Although always an allrounder, he bowled seamers in his early days and his bowling was rated more than his batting. It was in high school, at St. George’s College where he changed to spin bowling. He is rated among the best Zimbabwean cricketers in history for his handy left arm spin and fine batting skills. “Flower Power”, the combination of Grant and his brother Andy Flower, was the mainstay of Zimbabwean batting for a decade.
He was his team’s most successful opening batsman who played the role of anchorman, with strokeplayers coming in down the order. He played a lead role in, arguably, Zimbabwe’s finest Test victory, against a strong Pakistan side. After an impressive start to international cricket, including 82 on his debut against India in October 1992 and an unbeaten double-hundred in Zim’s first ever Test win, in 1997 Flower became the first Zimbabwean to score a double century in both innings of a Test match; playing against New Zealand in Harare, he scored 204 and 251. A year later he scored his 5th Test century, an innings of 156 not out at Queens Sports Club against Pakistan.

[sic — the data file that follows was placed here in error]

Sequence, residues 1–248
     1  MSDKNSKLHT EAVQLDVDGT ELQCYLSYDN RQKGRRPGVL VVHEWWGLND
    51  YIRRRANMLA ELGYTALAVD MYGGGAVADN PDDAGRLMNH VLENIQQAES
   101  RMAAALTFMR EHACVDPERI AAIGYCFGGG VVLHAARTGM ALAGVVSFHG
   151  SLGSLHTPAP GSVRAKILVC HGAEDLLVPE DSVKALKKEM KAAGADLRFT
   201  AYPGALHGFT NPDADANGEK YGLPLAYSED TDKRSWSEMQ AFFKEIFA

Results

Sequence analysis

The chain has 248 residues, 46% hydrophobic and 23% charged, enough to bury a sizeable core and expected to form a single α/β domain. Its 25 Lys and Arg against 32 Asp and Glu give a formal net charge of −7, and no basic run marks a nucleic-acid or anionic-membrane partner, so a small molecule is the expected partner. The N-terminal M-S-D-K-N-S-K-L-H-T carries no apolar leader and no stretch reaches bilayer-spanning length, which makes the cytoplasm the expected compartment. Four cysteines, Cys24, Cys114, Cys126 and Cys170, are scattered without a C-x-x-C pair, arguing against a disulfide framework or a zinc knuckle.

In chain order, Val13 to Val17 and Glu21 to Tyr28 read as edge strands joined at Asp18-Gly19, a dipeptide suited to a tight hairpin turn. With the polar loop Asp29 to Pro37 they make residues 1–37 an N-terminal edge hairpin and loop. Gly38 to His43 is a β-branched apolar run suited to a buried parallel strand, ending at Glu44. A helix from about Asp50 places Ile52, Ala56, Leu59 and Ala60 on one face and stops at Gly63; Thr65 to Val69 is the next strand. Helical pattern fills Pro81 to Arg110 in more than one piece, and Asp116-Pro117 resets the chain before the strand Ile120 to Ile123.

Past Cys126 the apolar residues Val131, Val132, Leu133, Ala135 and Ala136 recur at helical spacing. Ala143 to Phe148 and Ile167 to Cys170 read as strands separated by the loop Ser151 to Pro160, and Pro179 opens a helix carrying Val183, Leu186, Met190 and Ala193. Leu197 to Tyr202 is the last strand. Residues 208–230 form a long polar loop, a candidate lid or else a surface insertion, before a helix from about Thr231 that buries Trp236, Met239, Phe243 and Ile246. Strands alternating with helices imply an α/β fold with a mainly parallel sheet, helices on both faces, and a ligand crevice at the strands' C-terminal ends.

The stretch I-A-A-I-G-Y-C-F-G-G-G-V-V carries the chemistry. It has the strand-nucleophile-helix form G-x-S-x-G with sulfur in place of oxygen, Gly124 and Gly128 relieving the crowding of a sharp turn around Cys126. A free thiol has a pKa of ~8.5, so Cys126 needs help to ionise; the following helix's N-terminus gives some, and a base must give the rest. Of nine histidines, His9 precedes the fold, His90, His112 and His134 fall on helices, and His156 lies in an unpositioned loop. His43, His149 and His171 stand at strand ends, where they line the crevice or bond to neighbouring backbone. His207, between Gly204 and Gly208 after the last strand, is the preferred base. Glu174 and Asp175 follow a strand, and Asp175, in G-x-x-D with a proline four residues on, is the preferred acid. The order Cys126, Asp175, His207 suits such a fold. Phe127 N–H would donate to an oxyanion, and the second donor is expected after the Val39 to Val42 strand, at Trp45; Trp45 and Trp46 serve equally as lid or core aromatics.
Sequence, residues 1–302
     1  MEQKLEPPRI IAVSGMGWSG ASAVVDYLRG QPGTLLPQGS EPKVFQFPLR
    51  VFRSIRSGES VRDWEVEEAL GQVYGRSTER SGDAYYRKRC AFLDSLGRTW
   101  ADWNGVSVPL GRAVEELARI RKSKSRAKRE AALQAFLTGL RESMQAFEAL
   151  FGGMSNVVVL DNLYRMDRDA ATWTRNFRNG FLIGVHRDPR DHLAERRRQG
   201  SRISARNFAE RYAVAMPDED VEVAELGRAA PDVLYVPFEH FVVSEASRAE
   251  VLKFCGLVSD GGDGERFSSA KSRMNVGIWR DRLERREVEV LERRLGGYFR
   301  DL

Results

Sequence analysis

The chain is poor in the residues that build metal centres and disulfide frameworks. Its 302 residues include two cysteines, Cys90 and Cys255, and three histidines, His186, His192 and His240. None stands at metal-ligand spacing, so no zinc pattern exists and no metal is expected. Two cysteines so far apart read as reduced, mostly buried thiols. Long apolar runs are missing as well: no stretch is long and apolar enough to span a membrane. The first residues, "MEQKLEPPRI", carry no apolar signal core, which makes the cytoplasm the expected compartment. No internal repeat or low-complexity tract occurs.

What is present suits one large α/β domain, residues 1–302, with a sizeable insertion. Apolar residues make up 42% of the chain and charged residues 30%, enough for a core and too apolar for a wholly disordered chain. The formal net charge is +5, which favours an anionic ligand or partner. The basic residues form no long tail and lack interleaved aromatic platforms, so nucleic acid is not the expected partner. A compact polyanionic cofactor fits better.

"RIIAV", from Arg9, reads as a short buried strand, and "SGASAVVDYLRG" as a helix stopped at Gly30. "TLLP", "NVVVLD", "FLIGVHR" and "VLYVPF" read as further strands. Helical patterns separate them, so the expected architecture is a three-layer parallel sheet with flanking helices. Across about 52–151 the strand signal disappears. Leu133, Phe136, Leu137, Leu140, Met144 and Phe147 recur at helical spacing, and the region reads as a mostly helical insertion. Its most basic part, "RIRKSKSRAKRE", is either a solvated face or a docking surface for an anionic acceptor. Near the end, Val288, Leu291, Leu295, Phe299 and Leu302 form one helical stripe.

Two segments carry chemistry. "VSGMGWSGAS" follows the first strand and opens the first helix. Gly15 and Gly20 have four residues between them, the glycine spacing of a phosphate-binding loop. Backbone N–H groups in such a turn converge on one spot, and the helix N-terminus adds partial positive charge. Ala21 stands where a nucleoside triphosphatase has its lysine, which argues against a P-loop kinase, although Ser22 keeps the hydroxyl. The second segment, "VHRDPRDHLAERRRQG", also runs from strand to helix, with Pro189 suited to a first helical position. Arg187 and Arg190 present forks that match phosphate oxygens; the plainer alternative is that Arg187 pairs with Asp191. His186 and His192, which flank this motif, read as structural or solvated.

In 2004, Grant Flower retired from International cricket after a fall out between the Zimbabwe Cricket Union and the so called ‘rebels’. He would go on to join his brother at Essex in the English league. After a successful career playing county cricket, Grant Flower made a shocking return to International cricket with Zimbabwe in October 2010 for the ODI series against South Africa. He is now the batting coach for Zimbabwe in the turn of the rebels working out out their previous issues with cricket union.